Thursday, November 29, 2012

Hair Loss: How Do I Know If I Need Hair Restoration?

The statistics from combined resources like American Health Journal and WebMD report a number of dismal percentages with regard to hair loss. Going bald is a prevalent concern for men and women alike—as many as 85% of men over 50 and 50% of women over 40 are expected to endure some measure of thinning. The percentages don't stop there. Two in three men over 35 will already suffer a loss of hair, and for 25% of them, it began before they were 21.
These percentages are scary to consider, but with a multitude of causes, how can a person tell with certainty that he's losing his hair? How does one know he should begin that walk down the road to hair restoration?
Hair Loss is in the Numbers
The hair goes through three natural phases of growth: anagen, catogen, and telogen; a growing phase, a transitional phase, and a resting phase. The telogen phase of growth causes a shedding of "club hairs" that were formed during the transition, in order to make way for new anagen hairs to grow. Telogen hairs are constantly shedding. It is normal to experience a loss of 50 to 100 of these strands every day.
If you notice you're losing much more than that, you may have some source of extraneous hair loss. A visit to your doctor is in order before beginning any course of hair restoration treatment.
Know About the Causes of Hair Loss
Ninety-five percent of thinning hair is caused by genetic balding, or androgenic alopecia. More commonly known as pattern baldness, this inherited condition has a strong ancestral presence, especially among men. You may have a good idea of whether or not you'll go bald long before it happens by simply looking to your parents and grandparents.
With androgenic alopecia, men can also see a distinct identifiable pattern—the hair usually begins to recede at the hairline and then advances to targeted thinning amid the vertex until these two areas meet in the middle, creating an advanced stage of pattern baldness (at which point, surgical hair restoration becomes the only permanent solution). For women, the familial association is not as strong. Androgenic alopecia can hit women that have no apparent family history of the condition because other things, like hormones and aging, also influence female pattern baldness.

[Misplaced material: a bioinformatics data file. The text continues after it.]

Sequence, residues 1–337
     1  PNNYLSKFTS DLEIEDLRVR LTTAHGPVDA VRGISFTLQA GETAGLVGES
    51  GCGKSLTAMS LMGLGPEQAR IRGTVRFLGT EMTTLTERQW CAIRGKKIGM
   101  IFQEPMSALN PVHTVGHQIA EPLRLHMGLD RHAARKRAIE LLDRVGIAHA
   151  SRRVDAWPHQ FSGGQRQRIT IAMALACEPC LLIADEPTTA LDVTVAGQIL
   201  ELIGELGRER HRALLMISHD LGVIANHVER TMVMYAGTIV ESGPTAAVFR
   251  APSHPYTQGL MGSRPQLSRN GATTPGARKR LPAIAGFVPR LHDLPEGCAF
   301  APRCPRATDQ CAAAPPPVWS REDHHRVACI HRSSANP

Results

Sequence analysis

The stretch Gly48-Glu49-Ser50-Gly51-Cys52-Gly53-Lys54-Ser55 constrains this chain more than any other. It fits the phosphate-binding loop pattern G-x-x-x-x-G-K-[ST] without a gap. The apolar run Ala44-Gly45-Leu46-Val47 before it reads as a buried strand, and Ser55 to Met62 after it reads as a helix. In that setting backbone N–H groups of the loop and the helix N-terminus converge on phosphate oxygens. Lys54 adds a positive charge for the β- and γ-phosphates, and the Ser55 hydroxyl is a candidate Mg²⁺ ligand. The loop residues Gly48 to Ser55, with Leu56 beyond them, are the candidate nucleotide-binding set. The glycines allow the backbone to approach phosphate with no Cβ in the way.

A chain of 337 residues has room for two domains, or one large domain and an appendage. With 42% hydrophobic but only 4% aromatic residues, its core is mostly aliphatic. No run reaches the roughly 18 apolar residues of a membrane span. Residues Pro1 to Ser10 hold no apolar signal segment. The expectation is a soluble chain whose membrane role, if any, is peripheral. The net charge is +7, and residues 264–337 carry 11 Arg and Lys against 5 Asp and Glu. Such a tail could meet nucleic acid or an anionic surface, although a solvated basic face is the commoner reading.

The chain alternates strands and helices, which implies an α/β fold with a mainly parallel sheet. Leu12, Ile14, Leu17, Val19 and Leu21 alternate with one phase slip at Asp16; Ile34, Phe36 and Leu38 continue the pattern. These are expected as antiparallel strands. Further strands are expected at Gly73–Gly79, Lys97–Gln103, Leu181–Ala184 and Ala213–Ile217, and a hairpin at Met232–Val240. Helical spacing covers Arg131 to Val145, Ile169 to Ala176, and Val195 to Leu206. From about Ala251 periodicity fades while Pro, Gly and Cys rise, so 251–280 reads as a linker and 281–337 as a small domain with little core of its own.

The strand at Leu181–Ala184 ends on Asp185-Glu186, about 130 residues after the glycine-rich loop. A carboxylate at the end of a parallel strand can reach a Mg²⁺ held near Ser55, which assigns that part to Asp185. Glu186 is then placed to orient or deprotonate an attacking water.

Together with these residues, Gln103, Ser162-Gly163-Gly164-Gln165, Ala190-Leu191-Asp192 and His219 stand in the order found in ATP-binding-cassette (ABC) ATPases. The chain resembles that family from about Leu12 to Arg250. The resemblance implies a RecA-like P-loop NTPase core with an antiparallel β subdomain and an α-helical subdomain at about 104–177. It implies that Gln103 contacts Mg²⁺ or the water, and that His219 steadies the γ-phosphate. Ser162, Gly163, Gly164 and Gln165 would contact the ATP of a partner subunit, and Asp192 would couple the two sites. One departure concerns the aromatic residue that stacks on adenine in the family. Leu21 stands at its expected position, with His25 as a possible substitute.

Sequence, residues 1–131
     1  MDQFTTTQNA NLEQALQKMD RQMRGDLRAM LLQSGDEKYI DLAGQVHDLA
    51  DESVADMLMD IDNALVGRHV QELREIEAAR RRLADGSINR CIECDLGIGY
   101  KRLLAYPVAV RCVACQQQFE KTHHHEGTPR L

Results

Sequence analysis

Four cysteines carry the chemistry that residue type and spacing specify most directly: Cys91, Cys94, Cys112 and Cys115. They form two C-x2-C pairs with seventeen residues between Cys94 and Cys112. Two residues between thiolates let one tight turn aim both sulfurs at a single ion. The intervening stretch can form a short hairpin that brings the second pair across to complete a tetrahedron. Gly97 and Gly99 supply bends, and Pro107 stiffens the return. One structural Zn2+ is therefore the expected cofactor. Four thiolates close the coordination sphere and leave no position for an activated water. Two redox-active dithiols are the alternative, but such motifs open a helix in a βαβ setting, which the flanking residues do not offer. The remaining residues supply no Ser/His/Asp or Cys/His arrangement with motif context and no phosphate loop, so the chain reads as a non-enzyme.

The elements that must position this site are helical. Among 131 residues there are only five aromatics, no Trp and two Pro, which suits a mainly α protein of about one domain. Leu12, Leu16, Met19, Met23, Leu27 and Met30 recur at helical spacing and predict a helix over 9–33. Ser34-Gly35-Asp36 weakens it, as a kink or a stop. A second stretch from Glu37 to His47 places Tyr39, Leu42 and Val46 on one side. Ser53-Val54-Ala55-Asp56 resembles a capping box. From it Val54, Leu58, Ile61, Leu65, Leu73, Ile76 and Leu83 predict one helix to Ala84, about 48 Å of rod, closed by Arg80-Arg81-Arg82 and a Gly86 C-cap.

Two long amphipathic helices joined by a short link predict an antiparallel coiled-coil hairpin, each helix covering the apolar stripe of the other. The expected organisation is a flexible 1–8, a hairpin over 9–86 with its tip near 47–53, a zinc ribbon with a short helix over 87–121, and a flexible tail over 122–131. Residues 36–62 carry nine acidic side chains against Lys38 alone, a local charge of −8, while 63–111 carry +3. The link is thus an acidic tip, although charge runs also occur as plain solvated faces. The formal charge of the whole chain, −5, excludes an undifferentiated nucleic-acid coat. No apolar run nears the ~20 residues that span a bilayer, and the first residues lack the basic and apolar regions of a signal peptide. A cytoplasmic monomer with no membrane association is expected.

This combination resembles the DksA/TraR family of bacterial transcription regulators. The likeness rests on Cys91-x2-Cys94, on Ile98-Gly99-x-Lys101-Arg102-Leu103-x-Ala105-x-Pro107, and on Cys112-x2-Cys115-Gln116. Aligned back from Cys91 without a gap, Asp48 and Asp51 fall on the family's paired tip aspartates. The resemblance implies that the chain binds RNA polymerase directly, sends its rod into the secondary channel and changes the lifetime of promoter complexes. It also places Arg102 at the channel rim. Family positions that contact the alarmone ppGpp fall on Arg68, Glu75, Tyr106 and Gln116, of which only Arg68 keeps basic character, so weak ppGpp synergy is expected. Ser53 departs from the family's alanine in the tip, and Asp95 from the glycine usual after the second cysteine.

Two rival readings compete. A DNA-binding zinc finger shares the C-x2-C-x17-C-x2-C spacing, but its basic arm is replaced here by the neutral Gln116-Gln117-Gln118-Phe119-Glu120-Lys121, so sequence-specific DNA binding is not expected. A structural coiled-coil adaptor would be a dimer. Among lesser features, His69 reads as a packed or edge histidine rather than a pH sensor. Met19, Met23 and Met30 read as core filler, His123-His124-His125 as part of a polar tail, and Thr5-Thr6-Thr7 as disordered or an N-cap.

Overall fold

The remaining margin of hair loss causes can include traction alopecia, pregnancy, an extremely stressful event, emotional trauma, malnourishment, alopecia areata, lupus, drug use, diabetes, anemia, and thyroid disease. If you are aware of your hairstyle choices, your lifestyle choices and the state of your mental and physical health, you have a good idea if you're at risk for losing your hair.
Various Treatments for Hair Restoration
If you find you are losing your hair, the solution is dependant upon the cause. Traction alopecia and early pattern baldness warrant the use of Rogaine, with Propecia also an option for the latter condition. Temporary hair loss from anemia, malnutrition, and pregnancy are treatable with the right vitamins and dietary improvements. Even thyroid-related hair loss will stop once the underlying issue is treated with medication.
In any event, noticing the early signs of hair loss, like shedding more than 100 hairs per day or hairline-specific loss, should be followed up by an appointment with a dermatologist.
Related Posts Plugin for WordPress, Blogger...